• viewing file lists
  • opening a folder (aka, a directory)
  • closing a folder
  • navigating directories
  • absolute paths

Bash: The Bourne Again Shell

I should point out that the command line interface that we are using on our Linux servers is provided by a shell. A shell is "both an interactive command language and a scripting language" (see link above). We will use the shell strictly as a command language, but if you're interested someday, I'd encourage you to explore Bash as a scripting language (I personally script in Bash quite a lot). There are a variety of shells available for Linux and other Unix-like operating systems, but the most popular one and the one we will be using is called Bash.

Bash is an acronym for the Bourne Again Shell because it's based on the original Unix shell called the Bourne shell, written by Stephen Bourne. Bash itself was written by Brian Fox.

I think it's important to know the history of the technologies that we use, and Bash has a super interesting history that pre-exists Linux. Therefore, I highly encourage you listen to the Command Line Heroes episode titled Heroes in a Bash Shell, narrated by Saron Yitbarek. The episode recounts Brian Fox's history with the Bash shell while he worked for the Free Software Foundation in the 1980s.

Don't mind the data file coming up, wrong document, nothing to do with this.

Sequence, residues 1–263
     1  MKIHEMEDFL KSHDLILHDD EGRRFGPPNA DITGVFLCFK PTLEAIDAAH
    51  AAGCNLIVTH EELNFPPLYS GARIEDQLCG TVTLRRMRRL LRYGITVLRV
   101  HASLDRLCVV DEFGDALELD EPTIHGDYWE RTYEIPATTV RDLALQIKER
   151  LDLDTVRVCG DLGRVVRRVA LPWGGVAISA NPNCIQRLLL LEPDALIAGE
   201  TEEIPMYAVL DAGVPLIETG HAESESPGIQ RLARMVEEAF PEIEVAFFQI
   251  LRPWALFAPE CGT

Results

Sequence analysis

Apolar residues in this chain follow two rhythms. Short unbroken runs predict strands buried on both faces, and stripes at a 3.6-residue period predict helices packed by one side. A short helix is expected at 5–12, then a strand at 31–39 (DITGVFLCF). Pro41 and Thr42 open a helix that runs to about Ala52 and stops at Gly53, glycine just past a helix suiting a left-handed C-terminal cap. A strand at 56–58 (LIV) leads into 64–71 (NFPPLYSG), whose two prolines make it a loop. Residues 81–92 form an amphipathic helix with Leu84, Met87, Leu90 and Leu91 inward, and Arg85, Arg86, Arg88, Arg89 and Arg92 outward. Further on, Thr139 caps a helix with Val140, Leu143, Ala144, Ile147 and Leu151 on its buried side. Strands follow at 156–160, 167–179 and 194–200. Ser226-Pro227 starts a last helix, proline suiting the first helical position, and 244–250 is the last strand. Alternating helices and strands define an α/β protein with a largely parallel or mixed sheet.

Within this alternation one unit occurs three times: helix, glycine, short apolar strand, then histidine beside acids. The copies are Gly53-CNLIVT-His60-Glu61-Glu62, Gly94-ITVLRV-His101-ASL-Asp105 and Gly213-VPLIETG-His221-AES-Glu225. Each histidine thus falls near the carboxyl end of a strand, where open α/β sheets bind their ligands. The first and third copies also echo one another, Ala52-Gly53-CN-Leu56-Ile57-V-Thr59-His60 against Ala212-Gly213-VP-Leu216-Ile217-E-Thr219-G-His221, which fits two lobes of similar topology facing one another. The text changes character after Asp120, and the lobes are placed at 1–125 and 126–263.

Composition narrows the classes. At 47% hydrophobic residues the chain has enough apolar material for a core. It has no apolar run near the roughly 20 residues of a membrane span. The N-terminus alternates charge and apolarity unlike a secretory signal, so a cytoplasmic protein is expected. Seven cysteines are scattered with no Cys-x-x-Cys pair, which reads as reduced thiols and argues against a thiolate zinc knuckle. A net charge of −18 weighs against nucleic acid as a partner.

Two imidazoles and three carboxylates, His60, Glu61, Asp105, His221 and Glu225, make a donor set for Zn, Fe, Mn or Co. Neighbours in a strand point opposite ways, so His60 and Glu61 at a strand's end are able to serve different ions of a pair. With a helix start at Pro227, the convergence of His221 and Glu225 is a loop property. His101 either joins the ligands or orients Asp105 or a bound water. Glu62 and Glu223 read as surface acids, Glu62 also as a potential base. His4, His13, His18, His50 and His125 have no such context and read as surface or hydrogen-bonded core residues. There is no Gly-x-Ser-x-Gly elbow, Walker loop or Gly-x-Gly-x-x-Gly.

We will spend the next few weeks practicing these commands and learning the filesystem. We'll do this because knowing these things is integral to accomplishing everything else in this work, including installing and setting up our content management systems and the integrated library system.

In the video for this week, I'll show you how to install the three programs that I wrote or modified. We will use git to download them. The we will move the programs to a specific directory in our executable PATH. This will allow us to run them simply by typing their names.


To install my practice programs, login to your Linux virtual instances, and run the following commands. You will learn more about these commands shortly.

First, let's take a look at the contents of your home directory (the default directory you're in when you connect to your virtual machine):


Most likely, nothing will be listed.

Now let's retrieve the programs using the git command:

git clone https://github.com/cseanburns/learn-the-commandline.git

Run the ls command again, and you'll see a new directory called learn-the-commandline:


Next, copy the programs to an executable path:

sudo cp learn-the-commandline/* /usr/local/bin

Run the first program and work through it in order to learn some of the basic commands:


When ready, run the second program in order to learn about the Linux filesystem:


Finally, periodically run the flashcards program to refresh your memory of the basic commands, plus some other commands that you'll learn about soon:



Dourish, P. (2001). Where the Action Is: The Foundations of Embodied Interaction. MIT Press. https://doi.org/10.7551/mitpress/7221.001.0001